Wartime Radio And Racial Stereotyping

As ironic as it may sound, World War II had a salutary effect upon the image and position of blacks in American broadcasting. With its strong rhetoric regarding fighting for Truth and defending social convictions, the war galvanized in many black actors and white sympathizers the decision to speak forthrightly against racism and its restrictive grip on the American popular arts. The Nazi enemy, moreover, presented Americans with an insidious picture of the implications of bigotry. Thus, there arose in many people an awareness of the paradox of fighting against a racist enemy abroad, while practicing racial segregation and exclusion at home. Out of such conditions developed the most important re-evaluation of the role of African-Americans in American society since the Civil War.

More than any other person, Paul Robeson was the catalyst who sparked this black artistic reappraisal. Two months after the outbreak in Europe of World War II, Robeson's dramatic singing of the "Ballad for Americans" on the CBS series, Pursuit of Happiness, raised the entire issue of the position of blacks in American society. Written in 1935 by a young poet, John Latouche, as a hymn against intolerance and persecution, the poetic lyrics were set to stirring music in 1939 by Earl Robinson.

This lengthy song traced the history of the United States as it evolved toward the realization of the freedom and democracy inherent in the Revolutionary War. Reasserting ideals like the brotherhood and equality of all citizens, the song found pride in the fact that America was a nation of nations filled with "everybody who's nobody" and "nobody who's everybody." And when Robeson's powerful bass voice proclaimed the inexorable march toward freedom and human rights—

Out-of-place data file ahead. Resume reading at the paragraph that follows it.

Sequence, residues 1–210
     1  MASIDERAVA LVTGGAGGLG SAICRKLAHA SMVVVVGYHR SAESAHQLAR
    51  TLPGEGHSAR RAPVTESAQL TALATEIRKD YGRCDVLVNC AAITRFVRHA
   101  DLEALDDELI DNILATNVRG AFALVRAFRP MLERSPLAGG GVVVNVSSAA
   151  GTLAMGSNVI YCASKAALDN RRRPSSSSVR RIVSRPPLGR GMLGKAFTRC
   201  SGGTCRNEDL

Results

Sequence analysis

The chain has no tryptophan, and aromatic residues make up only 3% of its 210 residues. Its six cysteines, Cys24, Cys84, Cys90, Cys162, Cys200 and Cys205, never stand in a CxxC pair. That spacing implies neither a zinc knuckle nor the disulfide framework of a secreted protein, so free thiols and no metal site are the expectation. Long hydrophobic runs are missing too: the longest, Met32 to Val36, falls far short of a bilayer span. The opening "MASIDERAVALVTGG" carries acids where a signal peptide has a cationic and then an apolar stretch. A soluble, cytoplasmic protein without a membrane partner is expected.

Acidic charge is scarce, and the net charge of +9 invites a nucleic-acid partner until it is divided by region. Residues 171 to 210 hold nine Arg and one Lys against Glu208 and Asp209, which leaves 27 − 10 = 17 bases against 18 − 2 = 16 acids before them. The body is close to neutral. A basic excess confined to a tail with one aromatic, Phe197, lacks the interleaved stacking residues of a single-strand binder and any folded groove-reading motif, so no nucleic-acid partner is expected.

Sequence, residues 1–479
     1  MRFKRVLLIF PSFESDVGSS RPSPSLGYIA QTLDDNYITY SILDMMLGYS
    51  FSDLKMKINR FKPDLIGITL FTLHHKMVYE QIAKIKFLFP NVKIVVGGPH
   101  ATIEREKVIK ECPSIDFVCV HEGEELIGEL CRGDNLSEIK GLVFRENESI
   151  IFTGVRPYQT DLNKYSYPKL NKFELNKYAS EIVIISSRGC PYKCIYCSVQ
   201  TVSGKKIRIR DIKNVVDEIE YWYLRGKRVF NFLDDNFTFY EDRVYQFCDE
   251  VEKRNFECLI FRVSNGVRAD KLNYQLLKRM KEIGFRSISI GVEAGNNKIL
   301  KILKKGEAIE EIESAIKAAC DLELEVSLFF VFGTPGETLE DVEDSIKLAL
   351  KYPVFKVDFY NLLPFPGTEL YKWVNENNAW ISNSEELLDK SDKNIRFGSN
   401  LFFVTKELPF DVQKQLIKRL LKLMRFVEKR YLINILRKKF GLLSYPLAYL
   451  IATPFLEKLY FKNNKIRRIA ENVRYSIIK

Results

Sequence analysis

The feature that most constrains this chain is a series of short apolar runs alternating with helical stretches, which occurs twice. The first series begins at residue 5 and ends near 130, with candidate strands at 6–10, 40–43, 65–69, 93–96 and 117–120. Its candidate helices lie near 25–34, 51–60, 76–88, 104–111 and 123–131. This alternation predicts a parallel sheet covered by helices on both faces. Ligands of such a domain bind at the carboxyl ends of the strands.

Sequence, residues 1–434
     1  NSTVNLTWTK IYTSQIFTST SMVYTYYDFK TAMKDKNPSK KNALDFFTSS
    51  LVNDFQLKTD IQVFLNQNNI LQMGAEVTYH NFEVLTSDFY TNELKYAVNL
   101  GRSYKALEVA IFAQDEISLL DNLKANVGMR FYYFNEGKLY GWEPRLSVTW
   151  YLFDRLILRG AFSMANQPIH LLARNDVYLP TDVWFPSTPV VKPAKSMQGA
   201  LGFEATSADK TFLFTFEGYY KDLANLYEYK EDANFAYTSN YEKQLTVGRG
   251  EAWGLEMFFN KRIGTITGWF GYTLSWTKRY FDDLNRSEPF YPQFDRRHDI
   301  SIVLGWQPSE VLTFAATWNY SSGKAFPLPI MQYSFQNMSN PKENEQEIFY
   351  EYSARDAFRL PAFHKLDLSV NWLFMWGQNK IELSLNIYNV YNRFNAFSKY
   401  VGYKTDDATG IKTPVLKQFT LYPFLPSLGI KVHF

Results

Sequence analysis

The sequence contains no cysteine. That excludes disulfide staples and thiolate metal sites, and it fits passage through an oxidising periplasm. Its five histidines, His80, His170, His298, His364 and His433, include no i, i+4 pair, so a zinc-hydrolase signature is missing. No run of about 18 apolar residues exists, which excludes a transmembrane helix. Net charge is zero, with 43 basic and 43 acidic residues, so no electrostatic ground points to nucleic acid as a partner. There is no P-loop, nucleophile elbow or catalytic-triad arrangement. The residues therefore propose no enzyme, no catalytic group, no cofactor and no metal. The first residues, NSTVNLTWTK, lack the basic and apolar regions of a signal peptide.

Out of the cheating, out of the shouting
Out of the murders and lynchings.
Out of the windbags, the patriotic spouting
Out of uncertainty and doubting"
[Copyright © 1939, 1940, renewed 1967, 1968. Robbins Music Corporation]
—he spoke for millions who felt that the time had arrived to rebuke prejudice.

Coming as it did at a time of acute national self-awareness, "Ballad for Americans" was enthusiastically received by the nation. In the broadcasting studio Robeson received an ovation that lasted fifteen minutes after the program left the air. He was called upon to perform it again on CBS radio in August 1940, in a special broadcast called All God's Children, and in September 1943, on Stage Door Canteen. In 1940 the song was orchestrated by the Philadelphia Orchestra and performed at the Republican National Convention. That same year Robeson recorded it for Victor records in a special two-record album. Clearly, "Ballad for Americans" captured the ethos of pride and reaffirmation that gripped America in those early months of the Second World War.

Robeson, however, did not remain idle after his initial success. Long a champion of racial equality, and an admirer of the Soviet Union as the fullest realization of equality yet established, Robeson became a stronger proponent for change than ever before. In public he assailed films and songs that he felt slurred black citizens. In 1942 he announced that he would no longer sing songs like "Glory Road," or other "popular folk songs or ballads that picture the Negro as ignorant or crude, or even savage." And his animosity toward films which discredited blacks caused him to announce of his own recent movie, Tales of Manhattan, "If they picket the film when it opens in New York, I'll join the picket line myself.”

On radio, Robeson promoted respect and self-respect for black Americans. On programs such as Freedom's People in September 1941, and a special salute to black actor Canada Lee on WOR in June 1941, he helped trace the development of African-American culture. When he praised the defeated Loyalist side of the Spanish Civil War on a local special entitled Five Songs for Democracy in September 1940, he made it clear that African-Americans had a duty to stand for freedom. And when in June 1943 he appeared on an NBC special program, Labor for Victory, several weeks after the Detroit race riots, he represented the fact that although the riots were a setback, the cause of freedom was still viable. Robeson was also used by the American government, and several times during the war he lent his talents to propaganda broadcasts. Thus, for example, to assist the Office of War Information in February 1944, he narrated a shortwave transmission to Europe, North Africa, the Near East, and South Africa commemorating the 135th birthday of Abraham Lincoln.